Foreign and security policy are areas in which the UK government has offered considerable detail as to what it wants from a future relationship with the EU. Two of the major speeches that the Prime Minister has delivered since invoking Article 50 (the Florence and Munich Security Conference speeches) devoted a significant amount of attention to the EU-UK post-Brexit foreign and security policy relationship.
The centrepiece of the Florence speech was the proposal for “a new relationship on security” between the EU and the UK, underpinned by a “Security Treaty”. Detailed UK government ambitions for the broader foreign policy, security and defence policy relationship had been published 10 days earlier in two ‘future partnership’ papers.
Both position papers stressed the degree of shared values, objectives and threat perception between the UK and the EU. The thrust of the argument was that the UK has much to lose from being more detached from the EU.
May’s Munich Security Conference speech was a further high-profile reinforcement of the message that the UK government is seeking a degree of post-Brexit security integration that retains a relationship as close as possible to the current one.
The complex distribution of EU security policy – operating on the basis of different degrees of integration between the member states, pursued across different institutions (with differing roles for the European Commission, other EU agencies and member states) and based upon different EU treaty articles – throws up similar complexities to those involved in negotiating a future trade relationship.
For the UK to seek the closest possible relationship with the EU and its member states on internal security, and especially on issues of crime, terrorism and borders, creates a significant negotiating challenge. This is because it conflicts with the government’s red line on a post-Brexit UK being outside the jurisdiction of the Court of Justice of the European Union (CJEU).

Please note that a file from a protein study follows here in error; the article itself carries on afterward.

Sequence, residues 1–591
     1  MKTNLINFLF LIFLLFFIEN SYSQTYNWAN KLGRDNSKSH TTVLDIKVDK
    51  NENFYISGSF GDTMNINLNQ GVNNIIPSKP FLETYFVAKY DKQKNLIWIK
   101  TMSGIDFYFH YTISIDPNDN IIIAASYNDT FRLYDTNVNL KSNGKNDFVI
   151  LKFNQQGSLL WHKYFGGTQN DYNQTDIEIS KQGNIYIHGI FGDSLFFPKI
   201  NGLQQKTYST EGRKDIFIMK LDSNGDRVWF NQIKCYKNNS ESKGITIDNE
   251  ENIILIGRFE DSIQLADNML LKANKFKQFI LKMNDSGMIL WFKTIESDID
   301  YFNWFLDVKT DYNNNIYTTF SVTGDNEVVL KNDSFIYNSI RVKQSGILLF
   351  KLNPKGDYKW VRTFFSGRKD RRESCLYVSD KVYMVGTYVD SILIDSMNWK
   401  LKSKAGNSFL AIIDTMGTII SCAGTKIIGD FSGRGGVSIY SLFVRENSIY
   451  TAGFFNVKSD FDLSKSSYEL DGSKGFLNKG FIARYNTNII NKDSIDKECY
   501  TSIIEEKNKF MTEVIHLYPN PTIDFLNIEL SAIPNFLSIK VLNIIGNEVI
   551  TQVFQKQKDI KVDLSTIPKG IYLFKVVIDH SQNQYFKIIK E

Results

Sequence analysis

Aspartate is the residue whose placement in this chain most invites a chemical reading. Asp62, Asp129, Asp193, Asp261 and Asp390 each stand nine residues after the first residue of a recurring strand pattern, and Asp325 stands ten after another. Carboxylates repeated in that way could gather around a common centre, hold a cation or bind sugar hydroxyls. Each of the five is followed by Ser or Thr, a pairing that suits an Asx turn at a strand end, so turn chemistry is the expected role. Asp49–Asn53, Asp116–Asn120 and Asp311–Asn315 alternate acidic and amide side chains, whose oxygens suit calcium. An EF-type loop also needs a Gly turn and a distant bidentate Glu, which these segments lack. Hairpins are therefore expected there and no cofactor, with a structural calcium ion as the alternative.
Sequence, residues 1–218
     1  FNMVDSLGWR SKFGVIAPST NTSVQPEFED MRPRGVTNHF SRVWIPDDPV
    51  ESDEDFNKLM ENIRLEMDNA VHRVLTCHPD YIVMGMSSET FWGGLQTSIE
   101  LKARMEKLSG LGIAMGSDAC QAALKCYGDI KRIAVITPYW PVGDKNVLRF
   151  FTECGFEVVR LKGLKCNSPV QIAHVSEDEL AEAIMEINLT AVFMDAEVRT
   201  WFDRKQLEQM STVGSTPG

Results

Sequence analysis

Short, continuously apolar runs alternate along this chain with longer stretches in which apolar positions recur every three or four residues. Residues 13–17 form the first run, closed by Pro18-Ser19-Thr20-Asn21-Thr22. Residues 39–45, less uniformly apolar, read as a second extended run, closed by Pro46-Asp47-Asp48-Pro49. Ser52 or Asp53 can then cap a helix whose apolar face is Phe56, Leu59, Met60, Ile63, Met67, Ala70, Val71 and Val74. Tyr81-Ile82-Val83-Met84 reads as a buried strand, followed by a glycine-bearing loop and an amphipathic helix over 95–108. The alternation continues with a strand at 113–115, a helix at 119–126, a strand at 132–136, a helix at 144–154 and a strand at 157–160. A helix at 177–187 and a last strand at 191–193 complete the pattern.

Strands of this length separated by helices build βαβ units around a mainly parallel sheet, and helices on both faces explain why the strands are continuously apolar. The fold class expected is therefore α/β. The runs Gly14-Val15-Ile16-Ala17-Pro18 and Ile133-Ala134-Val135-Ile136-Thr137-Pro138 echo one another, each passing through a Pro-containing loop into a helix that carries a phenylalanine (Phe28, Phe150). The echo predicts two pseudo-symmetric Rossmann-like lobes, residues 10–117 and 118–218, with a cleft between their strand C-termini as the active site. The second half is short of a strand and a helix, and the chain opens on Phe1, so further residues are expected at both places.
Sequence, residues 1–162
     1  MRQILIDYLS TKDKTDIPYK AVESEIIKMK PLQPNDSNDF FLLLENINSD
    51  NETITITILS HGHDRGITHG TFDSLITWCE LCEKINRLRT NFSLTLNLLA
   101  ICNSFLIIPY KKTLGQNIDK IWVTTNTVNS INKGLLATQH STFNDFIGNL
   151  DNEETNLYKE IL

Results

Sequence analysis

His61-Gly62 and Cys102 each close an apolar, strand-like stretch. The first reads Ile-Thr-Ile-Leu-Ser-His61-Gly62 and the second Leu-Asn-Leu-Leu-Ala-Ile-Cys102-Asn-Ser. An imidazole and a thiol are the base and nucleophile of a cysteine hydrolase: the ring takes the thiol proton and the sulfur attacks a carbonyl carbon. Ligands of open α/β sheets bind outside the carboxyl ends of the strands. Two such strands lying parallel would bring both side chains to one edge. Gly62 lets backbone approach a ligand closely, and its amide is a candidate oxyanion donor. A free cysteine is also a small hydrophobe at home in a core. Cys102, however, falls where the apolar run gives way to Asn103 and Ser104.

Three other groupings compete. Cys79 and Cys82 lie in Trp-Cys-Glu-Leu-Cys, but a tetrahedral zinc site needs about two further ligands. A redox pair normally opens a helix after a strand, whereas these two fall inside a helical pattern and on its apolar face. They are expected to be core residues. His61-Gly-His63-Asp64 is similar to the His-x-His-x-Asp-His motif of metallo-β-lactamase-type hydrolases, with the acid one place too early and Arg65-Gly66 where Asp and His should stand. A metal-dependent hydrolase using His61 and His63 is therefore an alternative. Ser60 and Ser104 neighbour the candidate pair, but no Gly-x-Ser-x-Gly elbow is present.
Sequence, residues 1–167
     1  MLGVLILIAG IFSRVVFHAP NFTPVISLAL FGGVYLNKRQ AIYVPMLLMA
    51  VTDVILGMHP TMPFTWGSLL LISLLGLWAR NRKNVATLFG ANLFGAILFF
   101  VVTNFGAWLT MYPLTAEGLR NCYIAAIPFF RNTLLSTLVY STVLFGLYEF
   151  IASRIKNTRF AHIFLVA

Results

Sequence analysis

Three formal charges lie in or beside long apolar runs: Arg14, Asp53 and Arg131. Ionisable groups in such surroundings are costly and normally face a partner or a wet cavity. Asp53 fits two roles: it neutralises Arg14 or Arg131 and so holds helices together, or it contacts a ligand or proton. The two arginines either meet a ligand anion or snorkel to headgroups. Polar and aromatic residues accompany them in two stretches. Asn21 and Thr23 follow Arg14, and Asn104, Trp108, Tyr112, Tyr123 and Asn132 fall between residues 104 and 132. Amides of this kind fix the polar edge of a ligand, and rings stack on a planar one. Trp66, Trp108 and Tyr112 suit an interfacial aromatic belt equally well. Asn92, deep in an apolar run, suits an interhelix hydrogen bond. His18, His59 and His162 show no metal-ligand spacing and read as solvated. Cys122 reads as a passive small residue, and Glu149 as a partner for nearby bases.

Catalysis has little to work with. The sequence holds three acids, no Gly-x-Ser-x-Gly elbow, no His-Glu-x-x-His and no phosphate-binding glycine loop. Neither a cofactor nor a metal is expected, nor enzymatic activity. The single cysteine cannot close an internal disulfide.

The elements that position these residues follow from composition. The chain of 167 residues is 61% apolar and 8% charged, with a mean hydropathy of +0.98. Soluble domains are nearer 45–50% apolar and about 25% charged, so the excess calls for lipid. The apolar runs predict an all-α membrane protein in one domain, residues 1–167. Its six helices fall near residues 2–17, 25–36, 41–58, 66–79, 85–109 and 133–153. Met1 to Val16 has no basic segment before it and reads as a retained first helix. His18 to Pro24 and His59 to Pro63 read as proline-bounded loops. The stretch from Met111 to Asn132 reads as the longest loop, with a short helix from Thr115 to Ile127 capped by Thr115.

The EU would likely find it impossible to agree arrangements for the exchange of information for policing and judicial cooperation that would not be covered by EU law and CJEU oversight. Moreover, because additional elements of the UK’s external relations such as the environment, food security, energy and development policy – all of which contain security dimensions – are currently intertwined with EU policies, the scope of an EU-UK security treaty could be impressively broad.
Foreign and defence policy cooperation present less formidable institutional and legal barriers. The member states retain a pre-eminent role in foreign and defence cooperation. But the recent evolution of Brussels-based decision-making and implementation structures of the EU’s Common Foreign and Security Policy (CFSP) and Common Security and Defence Policy (CSDP) present a ‘docking problem’ for a non-member state.
Only member states are members of the EU’s key foreign, security and defence decision-making bodies such as the Foreign Affairs Council and the Political and Security Committee. Non-member states have been granted a range of formats to share views and to facilitate collaboration on foreign policy issues and security missions outside of these decision-making bodies.
But none of these arrangements are likely to prove attractive to the UK as they do not allow for sufficient influence on EU policy formation (via direct participation in key institutions). They only allow for signing up to EU foreign policy positions and security and defence operations after decisions on content, scope and action have already been determined. This is essentially participation and partnership on a ‘take it or leave it’ basis.
Ultimately, and as with much else in the Brexit debate, the government needs to make a determination as to what form of cooperation with the EU can be combined with an increase in the UK’s ability to take its own decisions on foreign and security policy.
But, just as importantly, if the government’s ambition for a new post-Brexit ‘Global Britain’ is to emerge, it needs to define a new strategically ambitious UK foreign and security policy: one that will make the UK no less secure through a high degree of cooperation with the EU, but also allows it to increase its international influence through greater control of its own foreign and security policy.
By Professor Richard Whitman, associate fellow at The UK in a Changing Europe. This piece is from the report ‘Article 50 one year on’ which you can read here.